• Unit 2 – The Nature of LightThe Scientific Method• The scientific method is an orderly and systematic approach to gather knowledge. With this approach, new ideas about the world are constantly checked against reality. We can also think of the scientific method as a way of answering questions about the world we live in.
• Unit 2 – The Nature of LightThe Scientific Method
• Unit 2 – The Nature of Light• A brief outline of the scientific method might include the following. – First the scientist makes observations, or records facts of what is seen. – The observation leads to a question. (Sometimes the question may come before the observations are made.) – Thinking about the question produces a hypothesis, a tentative answer to the question. – The scientist tests the hypothesis with a carefully designed procedure, an experiment. As part of the experiment, the scientist carefully records and analyzes data, or information, gathered in the experiment. – The experiment produces a result, or conclusion, which the scientists interprets carefully. From the interpretation, or inference, the result may raise new questions and lead to new hypotheses and new experiments.
• Unit 2 – The Nature of Light– After a number of experiments, the scientist may be able to summarize the results in a natural law, which describes how nature behaves but does not explain why nature behaves in that particular way. It often takes a mathematical form.– Finally the scientist may be able to formulate a theory. The theory explains why nature behaves in the way described by the natural law. It answers the original questions and also any other questions that were raised during the process. The theory also predicts the results of further experiments and this is how the theory is checked. A model could also be formed at this point along with or instead of the theory. The model is a mental picture that helps us to understand what it is that we are observing
• Unit 2 – The Nature of LightThe Scientific Method "Im All Thumbs"• What makes a "Class Champion" thumb wrestler? Does thumb diameter, length, or wrist diameter have an effect on the overall chances of winning a thumb wrestling match? In this investigation we will develop a hypothesis based on physical data collected from our classmates. We will then test this hypothesis by conducting a thumb wrestling tournament to determine an overall "Class Champion".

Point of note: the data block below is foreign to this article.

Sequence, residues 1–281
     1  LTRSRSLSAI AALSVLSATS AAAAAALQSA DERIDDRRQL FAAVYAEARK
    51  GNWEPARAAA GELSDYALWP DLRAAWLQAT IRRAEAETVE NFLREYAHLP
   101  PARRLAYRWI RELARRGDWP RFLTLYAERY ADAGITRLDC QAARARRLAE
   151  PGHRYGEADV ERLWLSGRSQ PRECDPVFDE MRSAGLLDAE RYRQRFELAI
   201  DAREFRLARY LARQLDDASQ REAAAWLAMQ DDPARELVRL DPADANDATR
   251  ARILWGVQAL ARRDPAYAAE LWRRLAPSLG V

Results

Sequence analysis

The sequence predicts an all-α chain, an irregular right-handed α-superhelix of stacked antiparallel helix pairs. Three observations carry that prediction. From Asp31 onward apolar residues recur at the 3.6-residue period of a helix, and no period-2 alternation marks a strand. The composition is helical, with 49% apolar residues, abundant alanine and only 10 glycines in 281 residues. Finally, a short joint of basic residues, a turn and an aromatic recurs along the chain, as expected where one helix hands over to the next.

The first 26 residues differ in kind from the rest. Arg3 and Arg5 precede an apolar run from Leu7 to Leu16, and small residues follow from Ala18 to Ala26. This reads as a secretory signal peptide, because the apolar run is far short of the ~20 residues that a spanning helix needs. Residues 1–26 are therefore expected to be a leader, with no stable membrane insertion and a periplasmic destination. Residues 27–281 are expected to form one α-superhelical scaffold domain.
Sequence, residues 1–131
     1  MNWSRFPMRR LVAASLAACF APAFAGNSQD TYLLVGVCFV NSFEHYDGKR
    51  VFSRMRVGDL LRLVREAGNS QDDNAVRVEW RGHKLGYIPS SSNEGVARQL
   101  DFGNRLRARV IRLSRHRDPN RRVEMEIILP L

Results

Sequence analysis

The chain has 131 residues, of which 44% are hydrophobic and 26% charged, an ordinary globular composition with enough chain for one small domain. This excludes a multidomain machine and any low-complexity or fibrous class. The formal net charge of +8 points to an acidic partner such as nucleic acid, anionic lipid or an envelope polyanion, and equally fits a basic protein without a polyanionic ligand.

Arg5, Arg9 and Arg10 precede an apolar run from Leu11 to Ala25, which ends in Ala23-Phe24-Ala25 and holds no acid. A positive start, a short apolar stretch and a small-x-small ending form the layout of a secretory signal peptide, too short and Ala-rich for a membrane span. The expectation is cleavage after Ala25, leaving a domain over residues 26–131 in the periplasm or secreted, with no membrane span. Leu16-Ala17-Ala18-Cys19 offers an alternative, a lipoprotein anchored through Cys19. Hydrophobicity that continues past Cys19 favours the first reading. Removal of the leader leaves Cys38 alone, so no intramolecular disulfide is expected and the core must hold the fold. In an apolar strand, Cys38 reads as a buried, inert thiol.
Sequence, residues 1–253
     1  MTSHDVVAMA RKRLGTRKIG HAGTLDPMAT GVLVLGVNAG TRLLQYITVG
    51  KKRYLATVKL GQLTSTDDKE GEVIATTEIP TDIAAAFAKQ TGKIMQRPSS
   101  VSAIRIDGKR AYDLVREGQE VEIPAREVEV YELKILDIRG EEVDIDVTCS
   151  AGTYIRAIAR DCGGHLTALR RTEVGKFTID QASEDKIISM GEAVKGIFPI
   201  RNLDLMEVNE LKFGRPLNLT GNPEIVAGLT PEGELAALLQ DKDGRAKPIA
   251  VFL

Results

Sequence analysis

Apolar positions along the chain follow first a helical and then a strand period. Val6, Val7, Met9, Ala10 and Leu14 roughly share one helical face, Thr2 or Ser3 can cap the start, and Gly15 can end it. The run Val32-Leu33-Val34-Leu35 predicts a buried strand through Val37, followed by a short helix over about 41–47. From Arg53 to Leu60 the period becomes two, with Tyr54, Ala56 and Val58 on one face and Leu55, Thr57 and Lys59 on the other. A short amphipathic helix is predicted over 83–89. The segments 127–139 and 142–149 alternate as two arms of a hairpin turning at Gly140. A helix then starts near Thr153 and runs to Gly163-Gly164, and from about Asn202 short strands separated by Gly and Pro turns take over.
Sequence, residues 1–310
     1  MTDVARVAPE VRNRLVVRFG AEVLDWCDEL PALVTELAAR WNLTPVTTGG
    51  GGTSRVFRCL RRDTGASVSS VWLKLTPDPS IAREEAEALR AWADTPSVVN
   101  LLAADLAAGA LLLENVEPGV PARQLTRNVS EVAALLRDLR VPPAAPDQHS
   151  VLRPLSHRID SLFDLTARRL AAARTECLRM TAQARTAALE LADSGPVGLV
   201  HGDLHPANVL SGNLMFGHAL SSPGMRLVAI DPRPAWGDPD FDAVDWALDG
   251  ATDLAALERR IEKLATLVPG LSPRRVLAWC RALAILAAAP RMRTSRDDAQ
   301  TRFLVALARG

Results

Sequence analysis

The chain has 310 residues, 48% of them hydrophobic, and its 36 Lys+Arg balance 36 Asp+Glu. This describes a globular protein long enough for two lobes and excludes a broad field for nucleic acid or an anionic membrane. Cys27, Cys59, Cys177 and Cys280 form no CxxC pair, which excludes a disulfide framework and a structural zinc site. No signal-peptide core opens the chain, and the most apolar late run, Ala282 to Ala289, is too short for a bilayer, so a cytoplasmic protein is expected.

• Unit 2 – The Nature of LightThe Scientific Method
• Unit 2 – The Nature of LightKnowledge Claims“I believe that Coke is the best soft drink.”• A knowledge claim is a declaration of conviction consisting of a sentence of the type "I know that … " or "I believe that".
• Unit 2 – The Nature of LightKnowledge Claims• Knowledge claims are supported by evidence whose nature depends on the training and the experiment of the claimer. Evidence can be first hand observations, deference to authority, or plausible explanations. Deference to authority can range from naive acceptance of the authority to a more careful consideration of evidence.• To be convincing, the claimer must formulate a relevant argument with the intended audience. Sometimes the evidence is given in the form of a critical experiment that is overwhelmingly convincing. An argument based on good evidence can be referred to as evidential argument.
• Unit 2 – The Nature of LightKnowledge Claims• Knowledge claims are supported by evidence whose nature depends on the training and the experiment of the claimer. Evidence can be first hand observations, deference to authority, or plausible explanations. Deference to authority can range from naive acceptance of the authority to a more careful consideration of evidence.• To be convincing, the claimer must formulate a relevant argument with the intended audience. Sometimes the evidence is given in the form of a critical experiment that is overwhelmingly convincing. An argument based on good evidence can be referred to as evidential argument.
• Unit 2 – The Nature of LightModels of Light